Among Norway‘s most acclaimed polar explorers and one of the greatest adventurers of our time, Erling Kagge was the first person to surmount the "three poles" – North, South and the summit of Mt Everest.
Kagge had already sailed across the Atlantic twice, around Cape Horn and to Antarctica and back by the time he received a law degree from the University of Oslo in 1989.
He had also begun training for his record-breaking expeditions: In 1990, he became the first man – together with Børge Ousland – to reach the North Pole unsupported (http://www.extreme-planet.com/explorers.asp?expl_id=35).
Three years later, in 1992-93, he completed the first unsupported solo expedition to the South Pole, covering the 814-mile (1340 km) route in 51 days. He achieved this feat by simply covering a solid amount of ground daily, listening to music (including Jimi Hendrix) on his headphones.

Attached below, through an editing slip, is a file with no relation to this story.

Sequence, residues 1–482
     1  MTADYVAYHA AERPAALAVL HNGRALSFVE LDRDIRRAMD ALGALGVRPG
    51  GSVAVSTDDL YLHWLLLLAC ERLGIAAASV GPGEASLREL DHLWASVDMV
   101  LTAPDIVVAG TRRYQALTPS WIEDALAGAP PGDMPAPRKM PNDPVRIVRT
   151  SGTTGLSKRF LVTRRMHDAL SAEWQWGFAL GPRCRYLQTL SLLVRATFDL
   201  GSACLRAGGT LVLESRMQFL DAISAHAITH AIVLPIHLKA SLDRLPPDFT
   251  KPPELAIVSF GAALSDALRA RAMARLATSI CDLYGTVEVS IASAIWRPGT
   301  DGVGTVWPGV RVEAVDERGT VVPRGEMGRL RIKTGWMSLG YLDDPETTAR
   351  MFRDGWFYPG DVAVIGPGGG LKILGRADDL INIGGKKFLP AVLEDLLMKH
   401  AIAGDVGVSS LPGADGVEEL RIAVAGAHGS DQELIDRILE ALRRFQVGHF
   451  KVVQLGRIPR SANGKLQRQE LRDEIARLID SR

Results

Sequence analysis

This exploit got him featured on the cover of Time magazine. In 1994, he summited Mount Everest, thus becoming the first person in history to reach those three extremes of Earth (http://www.adventurestats.com/tables/threepoles.shtml).
After his exploring career came to a break, Kagge went to Cambridge University to read philosophy for three terms. In 1996 he founded an Oslo-based publishing house (Kagge Forlag a.s) which quickly grew to become one of Scandinavia‘s most profitable publishing houses. In 2000 Kagge Forlag bought one of Norways oldest publishing companies, J.M. Stenersens Forlag (1892).
In addition to running his business and collecting international contemporary art and Russian icons, Kagge still does major expeditions, although with a lower profile than in the nineties. His four books on his polar expeditions have sold more than 100,000 copies.